Center on Education Policy
February 28, 2006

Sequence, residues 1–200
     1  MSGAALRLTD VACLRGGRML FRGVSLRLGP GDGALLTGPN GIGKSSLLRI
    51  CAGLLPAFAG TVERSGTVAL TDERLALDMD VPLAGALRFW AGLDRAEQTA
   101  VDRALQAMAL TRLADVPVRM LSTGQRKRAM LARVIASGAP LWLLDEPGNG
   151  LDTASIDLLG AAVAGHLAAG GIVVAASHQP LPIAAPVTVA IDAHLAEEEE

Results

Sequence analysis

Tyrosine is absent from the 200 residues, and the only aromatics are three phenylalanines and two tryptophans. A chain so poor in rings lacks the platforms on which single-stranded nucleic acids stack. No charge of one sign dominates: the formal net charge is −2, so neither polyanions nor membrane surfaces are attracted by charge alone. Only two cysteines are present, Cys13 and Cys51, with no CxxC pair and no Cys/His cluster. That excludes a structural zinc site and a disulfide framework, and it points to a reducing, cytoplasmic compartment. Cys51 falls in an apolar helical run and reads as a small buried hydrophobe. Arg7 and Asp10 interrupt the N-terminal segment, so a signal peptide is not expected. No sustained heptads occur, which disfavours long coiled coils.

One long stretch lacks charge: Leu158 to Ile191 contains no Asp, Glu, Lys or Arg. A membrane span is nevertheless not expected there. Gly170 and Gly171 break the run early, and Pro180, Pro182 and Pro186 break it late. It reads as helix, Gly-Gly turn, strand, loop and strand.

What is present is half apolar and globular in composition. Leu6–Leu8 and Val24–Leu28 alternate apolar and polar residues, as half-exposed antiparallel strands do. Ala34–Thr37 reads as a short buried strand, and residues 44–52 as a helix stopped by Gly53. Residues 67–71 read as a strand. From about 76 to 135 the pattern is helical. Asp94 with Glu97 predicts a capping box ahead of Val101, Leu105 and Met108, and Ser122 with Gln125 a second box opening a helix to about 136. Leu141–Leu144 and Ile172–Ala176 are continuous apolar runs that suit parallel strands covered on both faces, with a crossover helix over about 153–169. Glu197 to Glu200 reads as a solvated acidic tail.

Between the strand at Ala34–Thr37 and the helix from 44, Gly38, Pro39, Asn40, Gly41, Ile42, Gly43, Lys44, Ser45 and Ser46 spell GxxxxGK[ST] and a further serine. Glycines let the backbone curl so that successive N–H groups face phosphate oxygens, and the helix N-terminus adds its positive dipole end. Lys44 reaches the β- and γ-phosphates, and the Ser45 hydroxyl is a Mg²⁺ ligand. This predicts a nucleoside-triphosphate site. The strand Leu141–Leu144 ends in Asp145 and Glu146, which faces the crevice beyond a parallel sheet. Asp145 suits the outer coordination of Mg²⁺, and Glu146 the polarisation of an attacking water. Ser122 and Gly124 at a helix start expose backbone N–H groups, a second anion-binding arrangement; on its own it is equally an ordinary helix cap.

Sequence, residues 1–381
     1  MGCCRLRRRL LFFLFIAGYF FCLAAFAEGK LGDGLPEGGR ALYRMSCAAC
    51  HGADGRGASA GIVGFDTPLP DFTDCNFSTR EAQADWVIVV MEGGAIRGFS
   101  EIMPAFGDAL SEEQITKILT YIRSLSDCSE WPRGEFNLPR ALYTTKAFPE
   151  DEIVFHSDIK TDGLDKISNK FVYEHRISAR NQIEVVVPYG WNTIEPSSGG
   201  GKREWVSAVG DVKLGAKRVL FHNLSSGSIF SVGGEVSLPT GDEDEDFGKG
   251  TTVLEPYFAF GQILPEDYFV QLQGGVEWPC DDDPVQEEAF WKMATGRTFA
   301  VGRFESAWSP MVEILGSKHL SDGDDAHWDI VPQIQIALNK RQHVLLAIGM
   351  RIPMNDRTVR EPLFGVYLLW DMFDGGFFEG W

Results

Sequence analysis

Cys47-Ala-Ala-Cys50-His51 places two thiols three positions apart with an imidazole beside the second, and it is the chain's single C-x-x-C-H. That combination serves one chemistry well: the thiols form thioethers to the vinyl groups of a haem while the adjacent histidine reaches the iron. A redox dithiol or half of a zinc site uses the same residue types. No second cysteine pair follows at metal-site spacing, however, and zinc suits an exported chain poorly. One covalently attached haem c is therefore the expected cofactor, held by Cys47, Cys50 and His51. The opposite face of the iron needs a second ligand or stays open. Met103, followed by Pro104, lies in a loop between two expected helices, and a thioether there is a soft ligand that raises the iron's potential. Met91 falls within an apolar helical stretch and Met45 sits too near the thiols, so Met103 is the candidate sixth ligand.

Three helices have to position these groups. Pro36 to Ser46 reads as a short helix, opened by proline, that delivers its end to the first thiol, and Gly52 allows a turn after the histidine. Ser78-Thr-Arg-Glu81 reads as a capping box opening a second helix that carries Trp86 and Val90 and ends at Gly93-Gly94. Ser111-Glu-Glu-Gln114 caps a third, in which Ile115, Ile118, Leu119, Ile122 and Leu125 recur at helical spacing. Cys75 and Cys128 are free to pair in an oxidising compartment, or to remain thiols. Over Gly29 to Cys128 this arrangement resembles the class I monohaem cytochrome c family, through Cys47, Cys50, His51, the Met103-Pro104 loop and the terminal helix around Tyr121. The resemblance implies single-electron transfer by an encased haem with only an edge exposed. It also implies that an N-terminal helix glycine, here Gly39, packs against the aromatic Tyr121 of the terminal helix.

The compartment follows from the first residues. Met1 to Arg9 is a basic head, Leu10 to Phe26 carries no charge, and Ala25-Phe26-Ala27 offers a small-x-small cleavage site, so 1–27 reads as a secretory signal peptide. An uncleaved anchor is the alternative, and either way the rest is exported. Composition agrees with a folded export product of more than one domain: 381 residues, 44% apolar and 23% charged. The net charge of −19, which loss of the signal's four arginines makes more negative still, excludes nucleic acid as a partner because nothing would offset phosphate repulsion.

Restructuring is the last resort of NCLB and of California's state accountability system. Schools that repeatedly fail to achieve adequate yearly progress are to be dramatically reshaped, and that reshaping process may take a variety of forms. The report illustrates that, when faced with a range of restructuring options, California schools and districts have almost always opted for the least disruptive. Seventy-six percent of California schools in restructuring took paths such as hiring academic coaches and appointing leadership teams to oversee schools. More-drastic restructuring routes such as replacing staff (an action that just 28 percent took), contracting with an outside organization (14 percent), or reopening as a charter school (2 percent) were far less popular. The paper's just-the-facts approach may frustrate readers who hope to draw conclusions about what works and what doesn't; it's simply too early to know. The "results" described in the case studies are not actually results; they're examples of school restructuring (e.g., offering professional development, altering the school day, or adding for students a program on study habits) intended to bring about better results. Nonetheless, it's clear that even seemingly small changes cause real anxiety among teachers. The report also notes that the state department of education "decided to land right in the middle" between a hands-on approach and leaving restructuring decisions to the districts (the level of state oversight varies from one state to the next). One hopes a future report can describe how student achievement is affected by these changes. In the meantime, this report has useful data and moderately interesting case studies. It's available online here; it follows two similar reports on restructuring in Michigan. A report on Maryland is expected later this year.

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